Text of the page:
Can a defendant who unnecessarily submits to the jurisdiction be an “anchor defendant”?

This is a short blog considering a fairly niche but potentially important issue. The situation is this:

The Claimant brings a claim against a foreign-domiciled D1, who submits to the jurisdiction. In fact, if D1 had not submitted, then there would not have been any valid jurisdictional basis for the claim against D1.

Can D1 be used as an “anchor defendant” for the purpose of the “necessary or proper party” service gateway in a claim against D2?

This might happen in one of two situations:

  • D1 makes a mistake: perhaps it fails properly to assess the jurisdictional position before submitting; or perhaps its representatives accidentally take some step in the litigation that amounts to a submission.
  • The Claimant and D1 collude to bring about a situation where they and D2 are all parties to the same litigation.

D2 suggested that the second situation was occurring in ID v LU & Anor [2021] EWHC 1851 (Comm). D1 could have insisted on being sued in its home courts in Ukraine under art. 4 of Brussels I (Recast), but apparently chose not to in order to engineer a situation where D2 were also before the court.

The Claimant sought permission to serve on D2 pursuant to the “necessary or proper party” service gateway (CPR 6BPD 3.1(3)) relying on D1’s submission to the jurisdiction. D2 argued that it was not entitled to do this as a matter of authority.

This was based on the old pre-CPR cases of John Russell and Company Ltd v Cayzer Irvine and Company Ltd [1916] 2 AC 298 and The Benarty [1983] 1 Lloyds Rep 361.

These apparently established that there could be no reliance on the then equivalent of the “necessary or proper party” gateway if, at the time when a writ was issued, there was no one on whom it could be served and only at a later stage did one of the defendants accept service in the jurisdiction.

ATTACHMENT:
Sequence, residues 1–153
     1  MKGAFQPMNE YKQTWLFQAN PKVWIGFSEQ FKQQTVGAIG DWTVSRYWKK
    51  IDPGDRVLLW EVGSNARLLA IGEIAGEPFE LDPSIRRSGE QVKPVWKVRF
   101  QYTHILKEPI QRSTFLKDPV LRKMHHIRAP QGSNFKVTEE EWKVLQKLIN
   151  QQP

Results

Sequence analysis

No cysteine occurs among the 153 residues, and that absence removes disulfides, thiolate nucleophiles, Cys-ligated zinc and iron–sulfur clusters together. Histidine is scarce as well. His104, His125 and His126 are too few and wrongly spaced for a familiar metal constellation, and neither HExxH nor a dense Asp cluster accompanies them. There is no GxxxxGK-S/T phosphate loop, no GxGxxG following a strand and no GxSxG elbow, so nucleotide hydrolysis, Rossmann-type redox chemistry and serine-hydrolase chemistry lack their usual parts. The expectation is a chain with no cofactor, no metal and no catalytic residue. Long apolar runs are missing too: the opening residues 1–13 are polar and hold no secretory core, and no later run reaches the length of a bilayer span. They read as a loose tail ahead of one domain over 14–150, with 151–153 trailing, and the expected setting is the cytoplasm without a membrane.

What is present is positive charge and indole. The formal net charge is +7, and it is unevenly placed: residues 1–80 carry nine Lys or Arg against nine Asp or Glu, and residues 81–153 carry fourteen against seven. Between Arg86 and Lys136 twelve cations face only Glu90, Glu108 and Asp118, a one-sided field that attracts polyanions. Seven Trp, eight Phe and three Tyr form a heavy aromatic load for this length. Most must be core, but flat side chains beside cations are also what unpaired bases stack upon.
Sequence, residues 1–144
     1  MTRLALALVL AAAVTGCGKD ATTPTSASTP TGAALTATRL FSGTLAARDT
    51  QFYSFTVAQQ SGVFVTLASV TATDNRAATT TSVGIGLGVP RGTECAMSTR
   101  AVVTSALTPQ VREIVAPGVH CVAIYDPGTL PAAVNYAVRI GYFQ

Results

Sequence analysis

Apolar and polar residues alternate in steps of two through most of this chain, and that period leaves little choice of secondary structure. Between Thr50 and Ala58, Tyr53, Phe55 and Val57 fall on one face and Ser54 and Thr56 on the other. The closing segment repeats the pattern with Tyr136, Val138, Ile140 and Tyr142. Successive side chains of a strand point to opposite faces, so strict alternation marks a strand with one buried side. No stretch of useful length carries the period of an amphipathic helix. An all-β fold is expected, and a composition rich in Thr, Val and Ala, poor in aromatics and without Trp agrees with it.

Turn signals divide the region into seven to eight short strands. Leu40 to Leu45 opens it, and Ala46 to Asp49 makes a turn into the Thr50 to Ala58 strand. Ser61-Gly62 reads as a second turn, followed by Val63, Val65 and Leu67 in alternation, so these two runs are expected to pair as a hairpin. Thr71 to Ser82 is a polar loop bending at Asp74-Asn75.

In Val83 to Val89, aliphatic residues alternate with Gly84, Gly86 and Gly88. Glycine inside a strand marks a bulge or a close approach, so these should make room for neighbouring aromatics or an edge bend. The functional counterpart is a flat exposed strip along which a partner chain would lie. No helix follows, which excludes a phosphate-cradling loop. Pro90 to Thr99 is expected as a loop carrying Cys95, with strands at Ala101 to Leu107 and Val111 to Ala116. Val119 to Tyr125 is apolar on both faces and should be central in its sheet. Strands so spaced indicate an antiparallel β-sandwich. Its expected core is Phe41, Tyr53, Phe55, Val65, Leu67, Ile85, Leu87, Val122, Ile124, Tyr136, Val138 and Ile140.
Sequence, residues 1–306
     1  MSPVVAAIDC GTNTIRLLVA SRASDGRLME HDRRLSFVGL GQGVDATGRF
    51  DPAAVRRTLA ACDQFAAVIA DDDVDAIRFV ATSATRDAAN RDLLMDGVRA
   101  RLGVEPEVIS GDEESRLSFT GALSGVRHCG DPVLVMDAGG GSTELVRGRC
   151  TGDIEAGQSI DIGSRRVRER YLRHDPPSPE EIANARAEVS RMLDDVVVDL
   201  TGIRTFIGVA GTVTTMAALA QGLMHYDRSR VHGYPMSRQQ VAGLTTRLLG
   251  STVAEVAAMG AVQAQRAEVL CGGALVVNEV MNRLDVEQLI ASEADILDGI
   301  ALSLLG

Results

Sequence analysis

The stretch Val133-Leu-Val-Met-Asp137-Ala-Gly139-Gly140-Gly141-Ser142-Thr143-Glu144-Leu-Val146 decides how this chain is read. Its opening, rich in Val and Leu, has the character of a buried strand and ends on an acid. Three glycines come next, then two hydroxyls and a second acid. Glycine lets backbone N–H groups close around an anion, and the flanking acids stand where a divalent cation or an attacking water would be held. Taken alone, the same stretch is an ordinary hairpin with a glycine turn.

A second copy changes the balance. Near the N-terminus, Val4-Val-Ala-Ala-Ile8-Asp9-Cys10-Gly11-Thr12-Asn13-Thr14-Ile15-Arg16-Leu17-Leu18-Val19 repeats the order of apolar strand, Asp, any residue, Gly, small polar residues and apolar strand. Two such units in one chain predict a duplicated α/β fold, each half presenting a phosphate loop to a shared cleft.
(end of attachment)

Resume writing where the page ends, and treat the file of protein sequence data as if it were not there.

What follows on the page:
HHJ Pelling QC agreed with D2 that those authorities still applied under the modern CPR. The Claimant must have been able to serve on the anchor defendant without submission or the “necessary or proper party” gateway would not be open to it:

The various provisions within 6BPD under which service out of the jurisdiction can be permitted are a carefully calibrated list of exceptions to the general rule that requires service to be on a defendant in the jurisdiction. Permitting service on an allegedly necessary or proper party by reference to an anchor defendant who has voluntarily submitted to the jurisdiction defeats that careful construct in relation to an anomalous jurisdiction as well as being contrary to the express terms of Gateway 3. This suggests that permitting such an outcome as a matter of construction would defeat that construct and the reasons for it.

There were good reasons for continuing to protect defendants against the anomalously wide scope of the “necessary or proper party” gateway:

There is no reason to suppose that the drafters of the current version of the rule would have wanted to reduce the protections conferred on parties with no connection to this jurisdiction. There is as much a need for such protection under the current iteration as there was under the earlier ones. The case law in relation to Gateway 3 has consistently noted it to be anomalous and on the need for caution if it is not to be exorbitant in its scope.

In conclusion:

In summary, in relation to the issue I am now considering, I conclude that at least the narrower view of the John Russell principle adopted by the Court of Appeal in The Benarty (ibid.) continues to apply on a true construction of paragraph 3.1 of 6BPD, in addition to the requirement that there is between the claimant and anchor defendant a real issue which it is reasonable for the court to try. Given that there is no evidence from the claimant that the claim against the first defendant does not fall within the narrower view of this principle the second defendant’s challenge to jurisdiction succeeds on this point.

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